MSD claims the solar project at its Ballydine site can produce enough electricity in its first year to power 5,000 households.
Pharma giant MSD has officially opened Ireland’s largest self-generation solar project at its Ballydine site in Co Tipperary.
In partnership with ESB, MSD built the 7.3MW ground-mounted solar PV array to support the facility in significantly reducing its carbon footprint. This is in line with MSD’s announcement last year to achieve carbon neutrality across its operations by 2025.
It is estimated that the system will generate approximately 7.9GWh of clean and renewable electricity for the MSD site – meaning that around 20pc of its energy requirements will now come from renewable energy sources.
The company claims that the 7.9GWh of clean energy to be generated in the first year is equivalent to the electricity consumption of 5,000 households.
“By investing in Ireland’s largest solar project, MSD is taking the lead while also securing a renewable energy source for its operations into the future – which we know now more than ever is crucial,” said Tánaiste Leo Varadkar, TD.
MSD is the international name for US-based pharma and healthcare giant Merck. The company employs more than 2,800 staff across six sites in Ireland, with bases in Tipperary, Carlow, Cork, Meath and Dublin.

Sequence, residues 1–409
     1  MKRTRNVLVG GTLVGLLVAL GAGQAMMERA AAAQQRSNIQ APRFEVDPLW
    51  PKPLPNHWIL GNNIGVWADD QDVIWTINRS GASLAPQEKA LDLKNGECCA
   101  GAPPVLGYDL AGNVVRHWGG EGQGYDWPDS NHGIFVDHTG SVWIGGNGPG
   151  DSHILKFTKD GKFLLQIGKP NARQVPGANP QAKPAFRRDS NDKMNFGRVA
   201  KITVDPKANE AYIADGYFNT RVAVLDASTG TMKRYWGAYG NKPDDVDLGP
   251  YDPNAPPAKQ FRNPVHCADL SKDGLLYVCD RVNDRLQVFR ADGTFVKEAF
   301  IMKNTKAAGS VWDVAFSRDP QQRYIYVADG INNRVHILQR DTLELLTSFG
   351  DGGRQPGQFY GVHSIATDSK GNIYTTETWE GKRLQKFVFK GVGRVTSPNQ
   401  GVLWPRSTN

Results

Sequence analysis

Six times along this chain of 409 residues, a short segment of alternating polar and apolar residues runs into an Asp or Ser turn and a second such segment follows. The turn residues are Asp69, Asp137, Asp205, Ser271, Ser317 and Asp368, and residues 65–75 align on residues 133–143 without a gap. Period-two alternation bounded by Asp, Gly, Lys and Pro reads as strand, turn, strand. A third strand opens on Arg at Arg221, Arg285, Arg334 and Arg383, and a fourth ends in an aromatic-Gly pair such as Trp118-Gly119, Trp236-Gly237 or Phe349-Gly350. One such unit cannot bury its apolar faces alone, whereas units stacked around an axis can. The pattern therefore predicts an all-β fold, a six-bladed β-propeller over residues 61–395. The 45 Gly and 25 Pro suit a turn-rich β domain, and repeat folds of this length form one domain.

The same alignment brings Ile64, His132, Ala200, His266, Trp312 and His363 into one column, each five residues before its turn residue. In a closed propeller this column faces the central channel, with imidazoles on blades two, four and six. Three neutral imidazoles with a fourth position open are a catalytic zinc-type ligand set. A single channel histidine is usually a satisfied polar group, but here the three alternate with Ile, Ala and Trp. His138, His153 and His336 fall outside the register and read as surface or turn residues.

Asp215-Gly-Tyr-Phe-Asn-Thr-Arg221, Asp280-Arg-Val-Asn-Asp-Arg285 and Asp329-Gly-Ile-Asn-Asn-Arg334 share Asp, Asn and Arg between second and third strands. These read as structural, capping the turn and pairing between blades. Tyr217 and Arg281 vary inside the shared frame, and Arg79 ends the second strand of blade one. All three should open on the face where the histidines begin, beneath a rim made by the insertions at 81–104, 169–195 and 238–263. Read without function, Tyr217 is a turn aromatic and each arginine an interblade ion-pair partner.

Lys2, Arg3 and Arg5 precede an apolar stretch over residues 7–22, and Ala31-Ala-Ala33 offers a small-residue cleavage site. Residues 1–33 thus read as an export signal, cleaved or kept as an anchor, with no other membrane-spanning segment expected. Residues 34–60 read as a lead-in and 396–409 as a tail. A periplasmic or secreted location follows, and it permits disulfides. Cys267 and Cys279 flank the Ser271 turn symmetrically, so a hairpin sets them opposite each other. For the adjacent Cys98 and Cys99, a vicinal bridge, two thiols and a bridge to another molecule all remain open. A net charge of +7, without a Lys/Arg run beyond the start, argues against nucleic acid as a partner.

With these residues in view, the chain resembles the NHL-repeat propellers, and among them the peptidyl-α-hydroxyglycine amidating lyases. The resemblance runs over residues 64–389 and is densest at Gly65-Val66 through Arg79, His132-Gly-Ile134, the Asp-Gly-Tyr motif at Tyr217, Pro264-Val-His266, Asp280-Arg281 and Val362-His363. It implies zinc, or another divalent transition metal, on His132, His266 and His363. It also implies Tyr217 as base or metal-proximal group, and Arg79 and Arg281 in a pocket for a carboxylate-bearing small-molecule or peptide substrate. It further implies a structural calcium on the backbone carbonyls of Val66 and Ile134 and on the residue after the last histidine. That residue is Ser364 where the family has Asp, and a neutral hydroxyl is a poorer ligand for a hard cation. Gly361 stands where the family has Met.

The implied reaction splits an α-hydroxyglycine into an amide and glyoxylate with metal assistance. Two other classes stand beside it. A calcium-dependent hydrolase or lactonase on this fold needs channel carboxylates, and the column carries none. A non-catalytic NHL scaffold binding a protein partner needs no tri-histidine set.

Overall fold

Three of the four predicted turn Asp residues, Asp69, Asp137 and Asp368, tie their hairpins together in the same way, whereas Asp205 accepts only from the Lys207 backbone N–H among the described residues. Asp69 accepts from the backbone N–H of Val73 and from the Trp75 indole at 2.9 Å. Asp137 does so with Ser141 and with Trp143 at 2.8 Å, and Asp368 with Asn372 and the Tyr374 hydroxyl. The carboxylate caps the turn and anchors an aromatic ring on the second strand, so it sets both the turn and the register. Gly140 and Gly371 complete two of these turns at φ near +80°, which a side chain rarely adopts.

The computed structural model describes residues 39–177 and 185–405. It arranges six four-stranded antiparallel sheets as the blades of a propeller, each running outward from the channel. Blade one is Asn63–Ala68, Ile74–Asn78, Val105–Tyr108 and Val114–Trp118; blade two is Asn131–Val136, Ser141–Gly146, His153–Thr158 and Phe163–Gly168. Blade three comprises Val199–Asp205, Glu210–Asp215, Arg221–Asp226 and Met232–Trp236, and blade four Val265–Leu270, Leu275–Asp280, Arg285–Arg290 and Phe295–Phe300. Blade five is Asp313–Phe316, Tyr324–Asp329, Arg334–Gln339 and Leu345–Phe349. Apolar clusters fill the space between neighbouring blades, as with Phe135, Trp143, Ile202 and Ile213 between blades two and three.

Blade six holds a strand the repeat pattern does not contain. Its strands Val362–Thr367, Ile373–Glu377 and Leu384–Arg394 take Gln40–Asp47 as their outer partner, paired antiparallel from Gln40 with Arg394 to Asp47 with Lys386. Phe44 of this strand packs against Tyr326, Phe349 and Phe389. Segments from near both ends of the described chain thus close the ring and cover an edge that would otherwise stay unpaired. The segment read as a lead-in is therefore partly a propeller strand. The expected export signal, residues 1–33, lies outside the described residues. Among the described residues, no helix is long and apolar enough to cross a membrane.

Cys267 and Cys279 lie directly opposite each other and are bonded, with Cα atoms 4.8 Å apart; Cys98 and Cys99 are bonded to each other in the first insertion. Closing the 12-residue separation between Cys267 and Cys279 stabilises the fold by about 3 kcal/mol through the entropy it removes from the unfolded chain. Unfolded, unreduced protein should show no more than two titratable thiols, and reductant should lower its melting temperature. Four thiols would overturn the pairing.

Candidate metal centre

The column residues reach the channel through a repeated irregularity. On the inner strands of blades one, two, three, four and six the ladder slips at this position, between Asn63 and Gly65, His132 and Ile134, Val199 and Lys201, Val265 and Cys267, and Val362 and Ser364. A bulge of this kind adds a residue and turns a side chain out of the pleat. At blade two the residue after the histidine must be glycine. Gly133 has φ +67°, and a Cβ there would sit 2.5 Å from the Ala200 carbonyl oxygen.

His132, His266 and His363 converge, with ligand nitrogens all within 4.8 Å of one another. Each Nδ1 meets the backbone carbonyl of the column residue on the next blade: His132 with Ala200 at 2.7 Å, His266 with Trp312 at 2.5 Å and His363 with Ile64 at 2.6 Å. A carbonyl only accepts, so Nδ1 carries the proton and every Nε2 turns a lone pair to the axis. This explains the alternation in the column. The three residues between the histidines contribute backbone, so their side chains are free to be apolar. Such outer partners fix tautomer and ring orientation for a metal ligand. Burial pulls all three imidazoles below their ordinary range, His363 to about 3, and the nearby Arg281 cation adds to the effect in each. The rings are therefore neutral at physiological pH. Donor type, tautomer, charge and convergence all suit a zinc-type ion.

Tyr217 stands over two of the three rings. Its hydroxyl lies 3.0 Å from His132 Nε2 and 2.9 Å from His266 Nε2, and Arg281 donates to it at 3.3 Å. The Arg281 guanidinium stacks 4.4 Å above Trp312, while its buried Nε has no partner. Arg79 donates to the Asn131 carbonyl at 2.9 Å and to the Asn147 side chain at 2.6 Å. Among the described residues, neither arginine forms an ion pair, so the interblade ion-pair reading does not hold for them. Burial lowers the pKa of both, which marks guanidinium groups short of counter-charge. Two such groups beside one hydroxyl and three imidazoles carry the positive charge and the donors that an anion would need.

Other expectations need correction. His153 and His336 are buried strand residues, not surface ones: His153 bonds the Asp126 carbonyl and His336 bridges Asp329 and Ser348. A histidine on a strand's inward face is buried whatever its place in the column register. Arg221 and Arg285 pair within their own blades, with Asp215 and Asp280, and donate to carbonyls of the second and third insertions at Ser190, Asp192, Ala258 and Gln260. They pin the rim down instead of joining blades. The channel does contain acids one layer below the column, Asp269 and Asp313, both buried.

Last month, the company began construction of a new facility at its Carlow site to strengthen its medical manufacturing capabilities and meet increased global demand for its medicines and vaccines. This will result in the creation of 100 new jobs.
Mairead McCaul, head of MSD Ireland’s country leadership team, said the company is looking forward to working with ESB’s Smart Services over the next 20 years “as we continue to grow our sustainability efforts”.
“We view environmental protection and sustainability as key pillars of how we do business,” she said. “This new project at MSD Ballydine is supporting MSD Ireland in our commitment to ensuring that in everything we do, we’re making a difference.”
As of last month, MSD said it had invested more than $4bn into its Irish operations – which manufacture around half of its top 20 products.
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